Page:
In the story of Mice and Men, John Steinbeck shows how horrible loneliness is, especially through the black stable hand Crooks. Crooks doesn't have anyone to look after him. He is lonely cause he has no friends or family. On page 72 it states "Crooks said gently, maybe you can see now. You got George. You know he's goin'
Loneliness is a key aspect that flows throughout the Of Mice and Men plot line. Every character express some sort of loneliness at one time or another in this story. Some character express the fact that they are currently alone and others express that they have been lonely in their past. Others do not clearly state that they have even thought about loneliness, but they do give subtle hints at to it. The two main characters in this story are George and Lennie, they travel together and yet both express their struggles and fears of being alone.
In Of Mice and Men by John Steinbeck, the author uses the motif of barriers to show that causes that lead into the failure of these character hopes and dreams. The ability to own your own land is the main dream held by four of the characters in the book. The idea of owning your own land is a simile for a life of happiness. There are two other unattainable dreams which are held by Curley's wife, and Crooks. Curley's wife once had an offer to become an actress in Hollywood, however the person never bequeathed the job to her. She later would go on to marrying a man named Curly who she currently regrets marring. Crooks, who is an African American man who is also crippled, just want to be able to have control over his life. However Crooks has unchangeable barriers in his path for control. All five of these characters have a hope for a new life which evidently turns to nothing due to obstacles. This book takes place on a farm in California.
First off Crooks is the character that is held back in his journey towards freedom by his race. There are many examples where Crooks is insulted by his race, but there is this specific incident where George is laying down his cards and hears someone calling : “Stable buck, oooh stable buck!” And then, “Where the hell is that goddamn nigger?” This proves that in the 1930’s people were still racist and used to call African Americans names like nigger. And Crooks can’t really do anything because if he does he would probably get tortured or starved, and he can’t quit because it wasent his job, he was a slave. And this quotation also tells us that Crooks, the stable buck, is restricted by his race.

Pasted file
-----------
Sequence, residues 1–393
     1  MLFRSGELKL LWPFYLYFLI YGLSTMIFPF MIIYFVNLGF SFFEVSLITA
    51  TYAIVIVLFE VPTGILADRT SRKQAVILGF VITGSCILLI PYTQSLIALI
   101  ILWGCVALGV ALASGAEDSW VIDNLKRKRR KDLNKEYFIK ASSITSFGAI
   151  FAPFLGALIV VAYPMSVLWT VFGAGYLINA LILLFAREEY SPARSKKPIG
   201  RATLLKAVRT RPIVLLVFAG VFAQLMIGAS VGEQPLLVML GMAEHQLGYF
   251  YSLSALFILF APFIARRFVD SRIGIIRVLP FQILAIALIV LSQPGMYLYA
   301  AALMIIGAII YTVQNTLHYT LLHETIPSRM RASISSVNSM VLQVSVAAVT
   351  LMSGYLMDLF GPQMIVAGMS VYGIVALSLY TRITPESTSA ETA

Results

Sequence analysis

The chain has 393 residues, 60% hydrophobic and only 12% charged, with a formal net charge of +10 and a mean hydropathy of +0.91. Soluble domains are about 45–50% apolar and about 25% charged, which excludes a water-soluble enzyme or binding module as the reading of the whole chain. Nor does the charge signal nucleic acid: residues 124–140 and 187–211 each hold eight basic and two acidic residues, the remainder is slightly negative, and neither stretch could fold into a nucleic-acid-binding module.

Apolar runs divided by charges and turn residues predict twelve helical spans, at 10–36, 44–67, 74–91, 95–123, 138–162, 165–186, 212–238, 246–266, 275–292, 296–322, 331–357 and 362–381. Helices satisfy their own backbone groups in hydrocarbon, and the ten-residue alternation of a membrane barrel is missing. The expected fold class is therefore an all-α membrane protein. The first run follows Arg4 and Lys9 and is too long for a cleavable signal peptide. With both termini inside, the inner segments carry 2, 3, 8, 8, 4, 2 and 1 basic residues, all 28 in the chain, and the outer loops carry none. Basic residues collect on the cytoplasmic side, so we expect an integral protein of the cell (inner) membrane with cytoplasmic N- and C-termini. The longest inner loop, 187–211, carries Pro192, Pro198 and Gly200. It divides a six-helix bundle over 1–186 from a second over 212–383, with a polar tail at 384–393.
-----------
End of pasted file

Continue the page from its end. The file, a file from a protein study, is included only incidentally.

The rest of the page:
More specifically, the workers resent Crooks because of his color, and as a result, he is segregated from the men and their activities. However, Crooks can not just quit his job or move from place to place, as he, similar to Candy, is not likely to get another job. An example in the novel reads, “‘Cause I’m black. They play cards in there, but I can’t play because I’m black.’” It can be argued that Crooks faces the most isolation out of all the characters in Of Mice and Men, as other people’s struggles do not compare to the issues he deals with everyday. While Candy has a hard time on the work front, he is welcomed wholeheartedly by the other men, and converses with and joins them as if he was still a young man. On the other hand, Crooks is completely shut out from the men and would have a very low chance of finding other work, putting him above anyone else in terms of misfortunes. Overall, the oppression of minorities in the 1930s put them at odds with society, and created a social division that continues to linger
In chapter 7, Lennie explains his and George’s dream of owning a farm with rabbits. That idea, in of itself, represents the American dream. Crooks response is to claim, “ Nobody never gets to heaven, and nobody gets no land” (74). In essence, this means that he considers the American dream impossible. In the setting, his sentiment was reciprocated by many people. According to research, “Many people were beginning to feel that the American dream… was fraudulent” (Great). As the world fought its hardest against the people of this time, including Crooks, they began to give up on the idea of the American dream. Crooks acknowledges that because of his race he may never get that ideal life. Hence, his feeling of inability to do what he wants makes him